however, positive result does not equal proof of cancer because
other prostate conditions also can cause high PSA levels.
- Prostate Biopsy
To confirm the presence of prostate cancer, a sample of the
prostate tissue is taken.
In this procedure, a needle is inserted through the rectum (called
a transrectal biopsy), through the urethra, or through the perineum
(the area between the anus and the scrotum). The most common
technique is transrectal, often with the guide of an ultrasound.
Prostate cancer (adenocarcinoma)
Risk Factors for Developing Prostate Cancer
Although the exact cause of prostate cancer is unknown,
certain risk factors are known to increase the likelihood of developing
Age is the most important risk-factor in prostate cancer. Both
incidence and mortality rate increases significantly with age:
more than 75% of new diagnosis and 90% of death occur in men
older than 65.
- Race / Ethnicity
African Americans are at greater risk of developing and dying
from prostate cancer when compared to Caucasian population in
the United States. On the other hand, Asian men in Japan and
China have much lower incidence of prostate cancer diagnosis.
Family history plays a key role in determining your chances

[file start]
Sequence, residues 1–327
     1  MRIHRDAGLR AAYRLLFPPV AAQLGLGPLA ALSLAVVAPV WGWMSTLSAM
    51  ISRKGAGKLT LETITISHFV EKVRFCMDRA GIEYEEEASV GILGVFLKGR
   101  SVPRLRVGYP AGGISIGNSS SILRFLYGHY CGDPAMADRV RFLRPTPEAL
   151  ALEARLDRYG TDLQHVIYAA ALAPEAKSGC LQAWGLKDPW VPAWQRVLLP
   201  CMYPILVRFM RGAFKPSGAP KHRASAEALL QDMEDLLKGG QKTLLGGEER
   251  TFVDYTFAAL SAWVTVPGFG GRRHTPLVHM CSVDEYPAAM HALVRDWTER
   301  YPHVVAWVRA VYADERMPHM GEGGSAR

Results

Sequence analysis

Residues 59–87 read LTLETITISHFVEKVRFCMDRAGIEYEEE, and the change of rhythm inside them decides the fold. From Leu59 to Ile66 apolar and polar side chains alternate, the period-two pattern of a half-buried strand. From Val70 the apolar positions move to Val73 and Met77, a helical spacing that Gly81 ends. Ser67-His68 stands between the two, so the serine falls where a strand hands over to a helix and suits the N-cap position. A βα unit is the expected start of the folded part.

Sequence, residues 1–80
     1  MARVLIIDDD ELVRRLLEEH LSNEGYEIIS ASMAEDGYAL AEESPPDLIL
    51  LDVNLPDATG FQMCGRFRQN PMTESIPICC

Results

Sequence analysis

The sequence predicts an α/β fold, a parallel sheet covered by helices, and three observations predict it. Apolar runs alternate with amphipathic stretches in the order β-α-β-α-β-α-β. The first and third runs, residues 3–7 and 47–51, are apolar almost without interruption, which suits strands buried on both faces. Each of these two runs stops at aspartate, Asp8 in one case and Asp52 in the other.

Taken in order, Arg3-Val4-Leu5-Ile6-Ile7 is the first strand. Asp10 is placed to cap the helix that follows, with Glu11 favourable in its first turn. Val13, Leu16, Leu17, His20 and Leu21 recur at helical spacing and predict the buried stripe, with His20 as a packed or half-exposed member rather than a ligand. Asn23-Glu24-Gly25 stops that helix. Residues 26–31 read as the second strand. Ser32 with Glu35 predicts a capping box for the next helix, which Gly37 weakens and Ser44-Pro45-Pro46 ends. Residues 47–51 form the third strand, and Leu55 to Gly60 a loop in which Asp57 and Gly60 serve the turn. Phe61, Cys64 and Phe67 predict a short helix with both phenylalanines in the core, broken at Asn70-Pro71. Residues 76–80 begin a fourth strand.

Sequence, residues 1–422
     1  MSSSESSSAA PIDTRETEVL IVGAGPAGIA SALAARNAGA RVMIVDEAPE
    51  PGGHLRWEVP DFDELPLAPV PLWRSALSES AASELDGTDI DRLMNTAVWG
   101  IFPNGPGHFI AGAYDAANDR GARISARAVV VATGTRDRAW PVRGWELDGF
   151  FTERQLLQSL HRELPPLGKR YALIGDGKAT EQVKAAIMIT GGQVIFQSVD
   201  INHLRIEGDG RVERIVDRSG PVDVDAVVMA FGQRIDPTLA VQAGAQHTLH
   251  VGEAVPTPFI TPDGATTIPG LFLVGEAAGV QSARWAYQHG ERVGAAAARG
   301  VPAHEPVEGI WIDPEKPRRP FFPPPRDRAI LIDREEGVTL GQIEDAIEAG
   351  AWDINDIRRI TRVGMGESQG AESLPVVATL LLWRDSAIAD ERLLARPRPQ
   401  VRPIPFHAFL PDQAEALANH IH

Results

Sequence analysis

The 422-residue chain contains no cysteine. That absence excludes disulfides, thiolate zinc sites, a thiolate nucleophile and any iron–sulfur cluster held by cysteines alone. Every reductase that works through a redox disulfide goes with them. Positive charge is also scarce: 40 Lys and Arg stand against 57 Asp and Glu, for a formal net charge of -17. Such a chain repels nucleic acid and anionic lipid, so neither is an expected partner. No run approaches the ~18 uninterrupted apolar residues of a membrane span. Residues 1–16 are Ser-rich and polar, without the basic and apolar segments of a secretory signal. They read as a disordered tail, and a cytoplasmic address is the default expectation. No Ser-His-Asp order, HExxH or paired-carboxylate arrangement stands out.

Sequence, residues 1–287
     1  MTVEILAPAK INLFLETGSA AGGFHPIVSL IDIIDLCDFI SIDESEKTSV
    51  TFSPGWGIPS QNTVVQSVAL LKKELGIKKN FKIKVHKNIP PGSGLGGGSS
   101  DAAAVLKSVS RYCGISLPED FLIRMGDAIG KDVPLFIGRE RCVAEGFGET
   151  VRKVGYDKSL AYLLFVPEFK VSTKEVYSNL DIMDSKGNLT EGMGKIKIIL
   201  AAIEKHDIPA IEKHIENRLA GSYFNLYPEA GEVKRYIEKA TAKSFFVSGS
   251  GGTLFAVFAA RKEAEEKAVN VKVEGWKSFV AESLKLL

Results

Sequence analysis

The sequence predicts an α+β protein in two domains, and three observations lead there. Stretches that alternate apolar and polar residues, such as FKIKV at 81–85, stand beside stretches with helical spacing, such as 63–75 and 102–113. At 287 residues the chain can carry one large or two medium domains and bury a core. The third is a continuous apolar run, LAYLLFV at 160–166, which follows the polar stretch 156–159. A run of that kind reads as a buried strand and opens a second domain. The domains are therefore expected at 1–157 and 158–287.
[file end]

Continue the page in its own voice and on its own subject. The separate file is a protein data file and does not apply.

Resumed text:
of developing prostate cancer. Both having relatives diagnosed
before the age of 55 and the number of family member with the
disease increases your risk, for example:
Relative with cancer
Increase in risk
1 (brother / father)
Prostate cancer is more commonly found in countries with high-fat
diet. Indeed, diet maybe the determining factor why Asian men
in China and Japan are at much lower risk of developing this
Being overweight or having a body mass index or over 32.5 is
a risk factor as well. Weight gain at an earlier age and keeping
that weight on may bring a greater risk of developing the more
aggressive form of prostate cancer.
While the link between testosterone and prostate cancer is not
well established, it is thought that the growth of the cancer
cells are nourished by testosterone - and thus controlling the